[21] The taxpayers contend that any kind of property can be properly depreciated under the income forecast method.[4] Based on our analysis of the statutory language and the legislative history, we conclude Section(s) 168(f)(1) does not preclude use of the income forecast method for other types of property, such as taxpayers’ rent-to-own inventory.

[22] Although we agree with taxpayers that Section(s) 168(f)(1) does not preclude them from using the income forecast method, we find their reliance on Massey Motors v. United States, 364 U.S. 92 (1960), to be misplaced. As Massey was a pre-ACRS case, it has limited relevance to the issue before us — construction of Section(s) 168(f)(1). To resolve that issue, we must start with the language of the statute. See Good Samaritan Hosp. v. Shalala, 508 U.S. 402 (1993); Phillips Petroleum Co. v. Lujan, 4 F.3d 858 (10th Cir. 1993). If the language is clear, the inquiry is over. The plain meaning of statutory language is conclusive, except in the rare case in which literal construction will produce a result demonstrably at odds with the intention of its drafters. See United States v. Ron Pair Enterprises, 489 U.S. 235 (1989); Ute Distribution Corp. v. United States, 938 F.2d 1157 (10th Cir. 1991), cert. denied 504 U.S. 940 (1992). As we find no ambiguity in the statutory scheme at issue here, we are not required to defer to the Commissioner’s interpretation. See Chevron, U.S.A. v. Natural Resources Defense Council, 467 U.S. 837, 842-43 (1984).

[23] Section 168(f)(1) applies to “any property” if it is “properly depreciated under . . . any method of depreciation not expressed

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in a term of years.” The broad phrase “any property” supports the taxpayers’ position. However, the property must be “properly depreciated” by a method not expressed in a term of years. Section 168(f)(1) does not define “properly depreciated.” There is nothing in the statutory language that suggests Congress intended to limit property properly depreciable by methods not expressed in a term of years to property similar in character to movies or otherwise intended to adopt the reasoning of Rev. Rul. 60-358. For the phrase “properly depreciated” to have some meaning, there must be some limitation on use of alternative methods such as the income forecast method. We find that limitation in Section(s) 167(b) and (c). In determining the meaning of a statute, the courts look not only at the specific statute at issue, but at its context of related statutes. See Rowland v. California Men’s Colony, 506 U.S. 194 (1993); State of Utah v. Babbitt, 53 F.3d 1145 (10th Cir. 1995).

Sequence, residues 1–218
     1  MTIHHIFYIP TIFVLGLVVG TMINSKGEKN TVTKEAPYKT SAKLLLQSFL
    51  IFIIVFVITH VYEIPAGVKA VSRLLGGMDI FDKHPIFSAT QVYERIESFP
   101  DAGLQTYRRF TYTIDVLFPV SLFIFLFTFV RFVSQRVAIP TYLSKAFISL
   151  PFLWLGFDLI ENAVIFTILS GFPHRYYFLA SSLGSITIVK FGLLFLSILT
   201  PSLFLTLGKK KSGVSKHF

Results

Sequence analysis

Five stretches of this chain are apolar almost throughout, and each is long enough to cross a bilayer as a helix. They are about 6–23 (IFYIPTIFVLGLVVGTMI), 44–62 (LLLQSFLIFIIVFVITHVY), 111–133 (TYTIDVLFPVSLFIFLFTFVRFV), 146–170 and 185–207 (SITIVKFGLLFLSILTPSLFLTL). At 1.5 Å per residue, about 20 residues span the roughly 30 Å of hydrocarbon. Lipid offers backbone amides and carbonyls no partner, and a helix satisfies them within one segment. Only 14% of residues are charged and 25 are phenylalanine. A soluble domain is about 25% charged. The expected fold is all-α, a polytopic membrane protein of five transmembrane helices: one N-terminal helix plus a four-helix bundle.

[24] Sections 168 and 167 are closely related. Section 167 was enacted as part of the Internal Revenue Code of 1954. 68A Stat. 51
(1954). It governed depreciation until enactment of Section(s) 168 as part of the Economic Recovery Tax Act of 1981, Pub.L. No. 97-34, Section(s) 201(a), 95 Stat. 172, 203. Section 167(a) provides that depreciation under Section(s) 168 shall be deemed to constitute the reasonable allowance under Section(s) 167. Section 168(a) provides that, except as otherwise provided in Section(s) 168, the depreciation deduction provided by Section(s) 167(a) shall be determined by the ACRS methods of Section(s) 168. Since 1981, depreciation of property excluded from Section(s) 168 is governed by Section(s) 167. See Rev. Rul. 89-62. In the absence of a definition in Section(s) 168(f)(1), we conclude that whether property is “properly depreciated” by a method not expressed in a term of years under Section(s) 168(f)(1) depends on whether the property could be properly depreciated by such a method under Section(s) 167.

[25] Until 1990, Section(s) 167 provided that methods of depreciation that satisfied certain requirements were presumptively reasonable. The version of Section(s) 167(b) and (c) in effect during the tax years at issue (I.R.C. Section(s) 167(b) (West 1988) (amended 1990)) provided:

(b) Use of certain methods and rates — For taxable years ending after December 31, 1953, the term “reasonable allowance” as used in subsection (a) shall include (but shall not be limited to) an allowance computed in accordance with regulations prescribed by the Secretary, under any of the following methods:

(1) the straight line method,

(2) the declining balance method, using a rate not exceeding twice the rate which would have been used had the annual allowance been computed under the method described in paragraph (1),

(3) the sum of the years-digits method, and